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Cleft Palate Craniofac J. 2001 Jan;38(1):76-83.

Oral clefts and vitamin supplementation.

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  • 1UNESP-Faculdade de Odontologia de Araraquara, Brazil.

Abstract

OBJECTIVES:

The evidence linking low levels of folic acid and orofacial clefting (OFC) is presently equivocal. There is stronger evidence for the role of folic acid supplementation in protection against the occurrence and recurrence of neural tube defects. The present investigation tested the hypotheses that cleft lip, cleft palate, or both are inversely associated with maternal intake of dietary and supplemental vitamins during the periconceptional period and first 4 months of pregnancy in a Brazilian population.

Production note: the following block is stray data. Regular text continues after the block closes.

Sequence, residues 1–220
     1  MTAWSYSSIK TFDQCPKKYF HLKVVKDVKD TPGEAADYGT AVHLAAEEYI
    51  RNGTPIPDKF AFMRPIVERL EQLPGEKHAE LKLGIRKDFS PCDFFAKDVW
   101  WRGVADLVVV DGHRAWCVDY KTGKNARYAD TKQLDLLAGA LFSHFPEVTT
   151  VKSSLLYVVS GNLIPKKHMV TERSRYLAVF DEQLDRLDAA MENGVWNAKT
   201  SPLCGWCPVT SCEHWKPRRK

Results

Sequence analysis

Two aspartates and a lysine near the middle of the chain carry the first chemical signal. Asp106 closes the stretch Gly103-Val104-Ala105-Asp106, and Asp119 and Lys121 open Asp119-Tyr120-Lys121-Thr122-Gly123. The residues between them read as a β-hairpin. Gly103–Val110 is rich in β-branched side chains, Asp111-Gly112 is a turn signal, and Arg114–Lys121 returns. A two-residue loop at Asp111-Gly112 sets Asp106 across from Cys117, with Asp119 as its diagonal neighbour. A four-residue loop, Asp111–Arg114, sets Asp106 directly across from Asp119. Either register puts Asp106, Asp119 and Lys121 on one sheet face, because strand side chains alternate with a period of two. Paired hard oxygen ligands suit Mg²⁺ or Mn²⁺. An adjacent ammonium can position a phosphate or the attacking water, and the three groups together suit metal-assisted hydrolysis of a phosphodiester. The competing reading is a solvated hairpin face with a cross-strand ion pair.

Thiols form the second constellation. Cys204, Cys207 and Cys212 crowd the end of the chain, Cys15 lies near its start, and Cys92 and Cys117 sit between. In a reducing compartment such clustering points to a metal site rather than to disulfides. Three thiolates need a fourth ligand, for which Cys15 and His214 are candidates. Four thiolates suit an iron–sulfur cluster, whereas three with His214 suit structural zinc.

DESIGN:

A population-based, case-control study of cleft lip with or without cleft palate (CL(P)) and isolated cleft palate (CP) in a Brazilian population. In structured interviews, case histories were taken from the mothers of a consecutive sample of 450 infants born with nonsyndromic OFC.

RESULTS:

Mothers who had children with CL(P) were less likely to have been supplemented during the periconceptional period. The statistical significance of the difference in prevalence of the use of supplements between mothers of patients and of controls was greater for the CL(P) group: p < .05 for CP and p < .001 for CL(P). Multivariate analysis confirmed this finding of a protective effect for both types of orofacial cleft.

CONCLUSIONS:

The use of vitamin supplements in the first 4 months of pregnancy was suggestive of a protective effect against the occurrence of CP and CL(P) in this population. The significance of an association between multivitamin supplementation and OFC and the possible role of gene/environment interaction are discussed.

[PubMed - indexed for MEDLINE]
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